On Political Vaporware and Hispanic Voting Registration
by Matt Stoller, Wed Sep 06, 2006 at 10:40:45 AM EDT
When I marched in the immigration protests, I noticed the lack of voter registration forms, but I was told that voter registration would happen later. Apparently not.
LOS ANGELES -- Immigration protests that drew hundreds of thousands of flag-waving demonstrators to the nation's streets last spring promised a potent political legacy -- a surge of new Hispanic voters.
''Today We March, Tomorrow We Vote,'' they proclaimed.
But a review of voter registration figures from Chicago, Denver, Houston, Atlanta and other cities that had large rallies found no sign of a new voter boom that could sway elections. There was a rise in Los Angeles, where 500,000 protested in March, but it was more of a trickle than a torrent.
Protest organizers -- principally unions, Hispanic advocacy groups and the Catholic Church -- acknowledge that it has been hard to translate street activism into voting clout, though they insist they can reach their goal of 1 million new voters by 2008.
Hmm, so they can still reach their goal of 1 million voters by 2008? I'm confused.
Through the Votos por America campaign, Almendárez hopes to get 1 million new voters registered before November's election. That's a big number but a fraction of the more than 7 million Latino citizens who are eligible to vote but have not registered.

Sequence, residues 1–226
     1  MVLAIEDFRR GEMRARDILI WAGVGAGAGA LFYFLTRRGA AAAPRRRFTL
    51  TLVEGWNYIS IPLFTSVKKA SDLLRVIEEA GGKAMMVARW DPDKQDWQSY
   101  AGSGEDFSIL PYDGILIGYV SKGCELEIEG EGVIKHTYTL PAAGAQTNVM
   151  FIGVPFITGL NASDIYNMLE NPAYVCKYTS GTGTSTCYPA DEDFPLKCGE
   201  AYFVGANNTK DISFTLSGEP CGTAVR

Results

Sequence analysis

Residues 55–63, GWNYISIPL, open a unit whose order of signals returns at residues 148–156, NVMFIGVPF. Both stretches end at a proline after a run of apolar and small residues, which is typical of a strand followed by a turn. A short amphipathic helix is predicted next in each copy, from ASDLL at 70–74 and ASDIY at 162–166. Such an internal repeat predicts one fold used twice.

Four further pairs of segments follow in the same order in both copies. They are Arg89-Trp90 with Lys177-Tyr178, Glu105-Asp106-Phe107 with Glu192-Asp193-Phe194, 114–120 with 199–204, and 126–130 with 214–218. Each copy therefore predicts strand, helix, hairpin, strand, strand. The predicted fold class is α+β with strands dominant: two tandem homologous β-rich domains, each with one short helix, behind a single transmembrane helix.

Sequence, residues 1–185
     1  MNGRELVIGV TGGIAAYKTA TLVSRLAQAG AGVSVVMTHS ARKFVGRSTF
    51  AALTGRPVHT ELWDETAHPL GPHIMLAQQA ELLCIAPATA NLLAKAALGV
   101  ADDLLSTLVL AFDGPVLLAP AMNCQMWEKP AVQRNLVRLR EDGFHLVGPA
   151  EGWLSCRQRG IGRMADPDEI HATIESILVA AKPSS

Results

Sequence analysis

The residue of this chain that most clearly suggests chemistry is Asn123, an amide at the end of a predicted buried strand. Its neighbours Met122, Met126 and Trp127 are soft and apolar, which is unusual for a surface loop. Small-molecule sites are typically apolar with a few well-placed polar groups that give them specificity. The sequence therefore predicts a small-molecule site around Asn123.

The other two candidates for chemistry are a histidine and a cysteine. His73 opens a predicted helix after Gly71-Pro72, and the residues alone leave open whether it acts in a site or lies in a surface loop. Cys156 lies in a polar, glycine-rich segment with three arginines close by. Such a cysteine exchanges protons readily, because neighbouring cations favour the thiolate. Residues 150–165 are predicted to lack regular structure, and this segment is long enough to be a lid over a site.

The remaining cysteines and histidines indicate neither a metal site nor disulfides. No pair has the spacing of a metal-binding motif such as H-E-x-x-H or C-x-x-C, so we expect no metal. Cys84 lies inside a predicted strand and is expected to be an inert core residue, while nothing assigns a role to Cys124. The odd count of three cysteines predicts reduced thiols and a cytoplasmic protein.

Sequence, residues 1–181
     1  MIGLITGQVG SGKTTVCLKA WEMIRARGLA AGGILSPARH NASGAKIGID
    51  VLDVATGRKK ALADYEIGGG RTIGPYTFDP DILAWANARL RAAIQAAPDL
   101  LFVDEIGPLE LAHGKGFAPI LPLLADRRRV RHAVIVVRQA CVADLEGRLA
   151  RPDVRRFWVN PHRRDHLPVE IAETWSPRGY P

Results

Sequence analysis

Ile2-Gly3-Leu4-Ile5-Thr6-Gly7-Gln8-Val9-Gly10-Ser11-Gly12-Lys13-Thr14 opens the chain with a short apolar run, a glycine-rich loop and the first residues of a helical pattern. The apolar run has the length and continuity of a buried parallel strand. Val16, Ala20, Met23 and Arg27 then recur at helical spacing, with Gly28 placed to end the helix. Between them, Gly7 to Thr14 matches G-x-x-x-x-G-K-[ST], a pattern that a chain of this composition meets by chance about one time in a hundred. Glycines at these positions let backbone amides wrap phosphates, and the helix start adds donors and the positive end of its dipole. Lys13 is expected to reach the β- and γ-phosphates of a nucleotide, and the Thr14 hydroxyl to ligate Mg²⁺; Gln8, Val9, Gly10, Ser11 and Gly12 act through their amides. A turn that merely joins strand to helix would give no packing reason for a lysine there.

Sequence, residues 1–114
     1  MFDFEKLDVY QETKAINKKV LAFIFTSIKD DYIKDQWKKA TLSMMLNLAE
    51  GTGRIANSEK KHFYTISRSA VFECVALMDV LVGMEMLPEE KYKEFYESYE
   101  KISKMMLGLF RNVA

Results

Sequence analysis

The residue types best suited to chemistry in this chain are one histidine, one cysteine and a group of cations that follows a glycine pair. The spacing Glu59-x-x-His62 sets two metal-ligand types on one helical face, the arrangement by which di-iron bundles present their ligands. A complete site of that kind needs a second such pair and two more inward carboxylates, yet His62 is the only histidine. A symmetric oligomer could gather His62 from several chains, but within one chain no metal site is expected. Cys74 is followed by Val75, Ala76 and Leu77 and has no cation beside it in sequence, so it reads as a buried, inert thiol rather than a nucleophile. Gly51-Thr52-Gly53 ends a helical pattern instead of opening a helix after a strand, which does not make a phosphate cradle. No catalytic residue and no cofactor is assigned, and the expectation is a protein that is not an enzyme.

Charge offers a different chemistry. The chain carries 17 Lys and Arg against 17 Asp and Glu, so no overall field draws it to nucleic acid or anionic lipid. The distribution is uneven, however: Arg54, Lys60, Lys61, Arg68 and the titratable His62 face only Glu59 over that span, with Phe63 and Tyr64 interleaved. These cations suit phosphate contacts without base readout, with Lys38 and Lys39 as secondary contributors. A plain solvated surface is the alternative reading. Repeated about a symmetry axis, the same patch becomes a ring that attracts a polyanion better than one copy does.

Wow, so now the goal is 1 million new voters by 2008, not 2006. Interesting how the goal kind of just changed without anyone saying so. I wonder if registering 1 million new Hispanic voters by 2008 is any higher than the natural rate of voter increase.
This is very alarming news. I imagine that if there is no new registration, there is no new organizing going on, which is going to crimp GOTV plans in November. We saw this happen in the extremely low turnout Cuellar-Rodriguez primary awhile back, though that race was pre-immigration rally.
This lack of registration isn't just bad on its face, it's bad because of what it says about progressive infrastructure. A lot of the new and shiny infrastructure promised after 2004 seems to be little more than vaporware. I'm sure there's good stuff out there, but it's clear that what good infrastructure exists has no accountability or oversite, and that distinguishing between credible and non-credible programs is nearly impossible.
The failure to put a political strategy around the immigration protests is simply tragic. And lying about it to cover up mistakes? That is inexcusable.